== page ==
Sharp’s new Aquous range falls well into the "future proof" category, assuming that people are ready to invest in 1080p screens for higher resolution video.
Whether or not consumers agree is yet to be seen, but with LG set to release a dual-format Blu-ray/HD DVD player we could see high-definition formats being adopted faster than you’d think.
The LC52XD1E might not be as big as the company's newly announced 108 inch model, but for the living room the 52 inch behemoth is for now, the second largest in the range and retails for a little under £3000.
It’s finished in the familiar high-gloss piano black, a beautiful design that manages to appear both minimalist and domineering at the same time.
It’s also mounted on a matching black stand that completes the breathtaking look; if LCD screens were cars the Sharp is one afro-sporting lothario short of the Knight Rider Trans-Am.
For it to find success in today’s market it would have to offer more than the somewhat premature 1080p support, and we’re pleased to say that it does. The most impressive thing about it is one of the most sought after attributes in the LCD field, the solid black.
The 52XD1E is excellent in this area, the 2000:1 contrast ratio doesn’t say enough about the true performance, particularly considering that the gloss-black finish on the casing provides an instant comparison to the screen. It seems to have the ability to make even relatively poor quality signals look great, dynamic contrast is superb and colours are beautifully crisp and vibrant.
It comes with a built in DTV tuner (with Freeview) and an electronic programme guide that makes it straightforward to view and browse listings.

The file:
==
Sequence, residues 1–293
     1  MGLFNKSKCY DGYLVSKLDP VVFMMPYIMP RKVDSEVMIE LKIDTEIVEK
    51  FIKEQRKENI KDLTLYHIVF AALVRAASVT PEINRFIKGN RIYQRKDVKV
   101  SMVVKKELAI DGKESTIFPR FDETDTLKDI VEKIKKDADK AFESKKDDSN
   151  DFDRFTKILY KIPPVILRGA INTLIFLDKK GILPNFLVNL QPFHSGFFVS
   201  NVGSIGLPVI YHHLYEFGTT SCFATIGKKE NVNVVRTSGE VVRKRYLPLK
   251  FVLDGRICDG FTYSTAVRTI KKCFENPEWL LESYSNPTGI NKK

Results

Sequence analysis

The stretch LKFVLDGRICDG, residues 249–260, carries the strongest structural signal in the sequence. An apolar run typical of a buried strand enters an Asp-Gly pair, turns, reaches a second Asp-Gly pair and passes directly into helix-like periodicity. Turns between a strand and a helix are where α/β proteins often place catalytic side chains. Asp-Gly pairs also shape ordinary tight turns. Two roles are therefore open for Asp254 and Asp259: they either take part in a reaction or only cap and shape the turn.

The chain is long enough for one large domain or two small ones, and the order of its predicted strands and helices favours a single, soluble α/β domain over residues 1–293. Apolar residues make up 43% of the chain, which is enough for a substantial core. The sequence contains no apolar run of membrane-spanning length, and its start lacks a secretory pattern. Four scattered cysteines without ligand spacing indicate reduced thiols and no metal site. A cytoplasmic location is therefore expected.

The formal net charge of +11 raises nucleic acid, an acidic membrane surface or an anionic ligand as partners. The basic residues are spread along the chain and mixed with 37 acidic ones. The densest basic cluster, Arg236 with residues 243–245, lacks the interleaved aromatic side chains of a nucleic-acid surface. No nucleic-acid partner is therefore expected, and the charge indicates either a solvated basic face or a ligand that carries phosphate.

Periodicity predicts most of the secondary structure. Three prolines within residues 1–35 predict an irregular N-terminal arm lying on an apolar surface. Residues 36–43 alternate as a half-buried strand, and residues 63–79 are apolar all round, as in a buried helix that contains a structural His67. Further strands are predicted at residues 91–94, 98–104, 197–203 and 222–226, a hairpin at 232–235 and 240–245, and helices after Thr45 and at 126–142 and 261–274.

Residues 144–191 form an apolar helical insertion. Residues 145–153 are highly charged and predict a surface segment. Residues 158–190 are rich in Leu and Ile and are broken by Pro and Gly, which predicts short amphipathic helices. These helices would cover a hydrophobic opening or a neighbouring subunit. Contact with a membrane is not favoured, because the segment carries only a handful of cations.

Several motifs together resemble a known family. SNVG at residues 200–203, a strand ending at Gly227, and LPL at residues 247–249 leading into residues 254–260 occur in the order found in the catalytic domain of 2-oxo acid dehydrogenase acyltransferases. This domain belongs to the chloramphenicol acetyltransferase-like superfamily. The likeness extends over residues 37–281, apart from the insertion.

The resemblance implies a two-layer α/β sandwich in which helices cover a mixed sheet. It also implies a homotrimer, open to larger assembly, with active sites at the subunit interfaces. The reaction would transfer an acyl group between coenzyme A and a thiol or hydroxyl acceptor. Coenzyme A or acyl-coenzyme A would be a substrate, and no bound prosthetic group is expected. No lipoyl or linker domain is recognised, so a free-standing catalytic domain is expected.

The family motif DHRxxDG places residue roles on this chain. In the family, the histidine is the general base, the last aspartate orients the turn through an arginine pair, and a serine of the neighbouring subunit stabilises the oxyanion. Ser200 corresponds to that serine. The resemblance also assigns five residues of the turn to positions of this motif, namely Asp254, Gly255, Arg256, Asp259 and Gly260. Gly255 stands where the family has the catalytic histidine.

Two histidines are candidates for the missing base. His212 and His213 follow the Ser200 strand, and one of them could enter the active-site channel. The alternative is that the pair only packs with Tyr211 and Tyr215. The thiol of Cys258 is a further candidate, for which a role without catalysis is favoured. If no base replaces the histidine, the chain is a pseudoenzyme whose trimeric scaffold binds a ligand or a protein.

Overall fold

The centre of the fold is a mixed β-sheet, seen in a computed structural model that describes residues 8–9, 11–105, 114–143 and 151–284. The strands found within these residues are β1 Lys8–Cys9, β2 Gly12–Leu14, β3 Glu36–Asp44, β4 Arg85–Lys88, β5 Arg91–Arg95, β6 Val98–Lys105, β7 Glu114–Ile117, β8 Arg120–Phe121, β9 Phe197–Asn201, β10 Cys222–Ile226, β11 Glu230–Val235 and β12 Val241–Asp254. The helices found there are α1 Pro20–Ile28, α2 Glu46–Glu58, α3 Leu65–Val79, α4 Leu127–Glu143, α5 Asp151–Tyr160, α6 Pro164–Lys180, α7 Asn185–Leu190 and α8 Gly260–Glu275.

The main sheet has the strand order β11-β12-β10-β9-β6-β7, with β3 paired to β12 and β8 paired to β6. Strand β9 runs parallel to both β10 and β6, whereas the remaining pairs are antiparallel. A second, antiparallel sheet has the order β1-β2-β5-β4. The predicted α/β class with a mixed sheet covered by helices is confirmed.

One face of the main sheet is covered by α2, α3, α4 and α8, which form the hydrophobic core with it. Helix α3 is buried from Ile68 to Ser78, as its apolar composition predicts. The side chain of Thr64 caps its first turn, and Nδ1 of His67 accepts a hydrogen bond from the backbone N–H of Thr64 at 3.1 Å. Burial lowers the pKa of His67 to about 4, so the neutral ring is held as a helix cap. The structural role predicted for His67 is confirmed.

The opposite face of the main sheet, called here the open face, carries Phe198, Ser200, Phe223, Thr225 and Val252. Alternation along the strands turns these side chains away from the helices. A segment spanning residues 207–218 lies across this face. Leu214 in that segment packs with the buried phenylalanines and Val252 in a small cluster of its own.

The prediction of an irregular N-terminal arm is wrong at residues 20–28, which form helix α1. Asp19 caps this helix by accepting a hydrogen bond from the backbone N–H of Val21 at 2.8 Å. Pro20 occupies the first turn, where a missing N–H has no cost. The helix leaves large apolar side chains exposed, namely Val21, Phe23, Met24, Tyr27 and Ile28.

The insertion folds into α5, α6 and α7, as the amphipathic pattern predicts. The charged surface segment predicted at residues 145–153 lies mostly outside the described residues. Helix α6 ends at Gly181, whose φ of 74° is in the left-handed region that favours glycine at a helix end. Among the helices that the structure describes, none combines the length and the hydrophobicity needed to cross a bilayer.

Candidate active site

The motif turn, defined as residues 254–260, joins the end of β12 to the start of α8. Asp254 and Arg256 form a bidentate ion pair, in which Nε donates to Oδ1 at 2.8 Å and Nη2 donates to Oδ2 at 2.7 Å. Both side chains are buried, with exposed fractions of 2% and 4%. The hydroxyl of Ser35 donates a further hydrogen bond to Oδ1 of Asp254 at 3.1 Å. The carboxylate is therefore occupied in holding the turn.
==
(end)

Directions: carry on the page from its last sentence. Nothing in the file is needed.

There are twin HDMI and scart ports with a typical set of composite and component connections as you’d expect.
Quality for both analogue and digital television is excellent and if you’re in a position to feed it 1080p the clarity and colour is fantastic. Settings are easily tweaked through the effective menu structure that overlays the screen so that you can preview changes instantly.
It also comes with built-in surround sound which, perhaps partly due to the size of the thing, is also impressive; there’s distinct impact from the bass that seems much improved over Sharp’s previous range.
If your wallet (or living room) can’t stretch to accommodate the 52in screen, you’ll find a 42in panel with similar capabilities for around half the price.
Sharp offer a generous 3 year warranty with this new series so are happy to throw peace of mind into the bargain.
This combined with the excellent quality of the video and audio and a breathtaking design make the new range a fantastic centrepiece for any new HD setup.
Sharp appear to have ticked all the boxes with the new range, the 52in on test is as dramatic and stylish as it is well performing.
Picture quality is consistently sharp [excuse the pun - Ed]and vibrant at both low and high signal resolutions and it’ll leave you in a perfect position to take advantage of upcoming high-resolution HD content.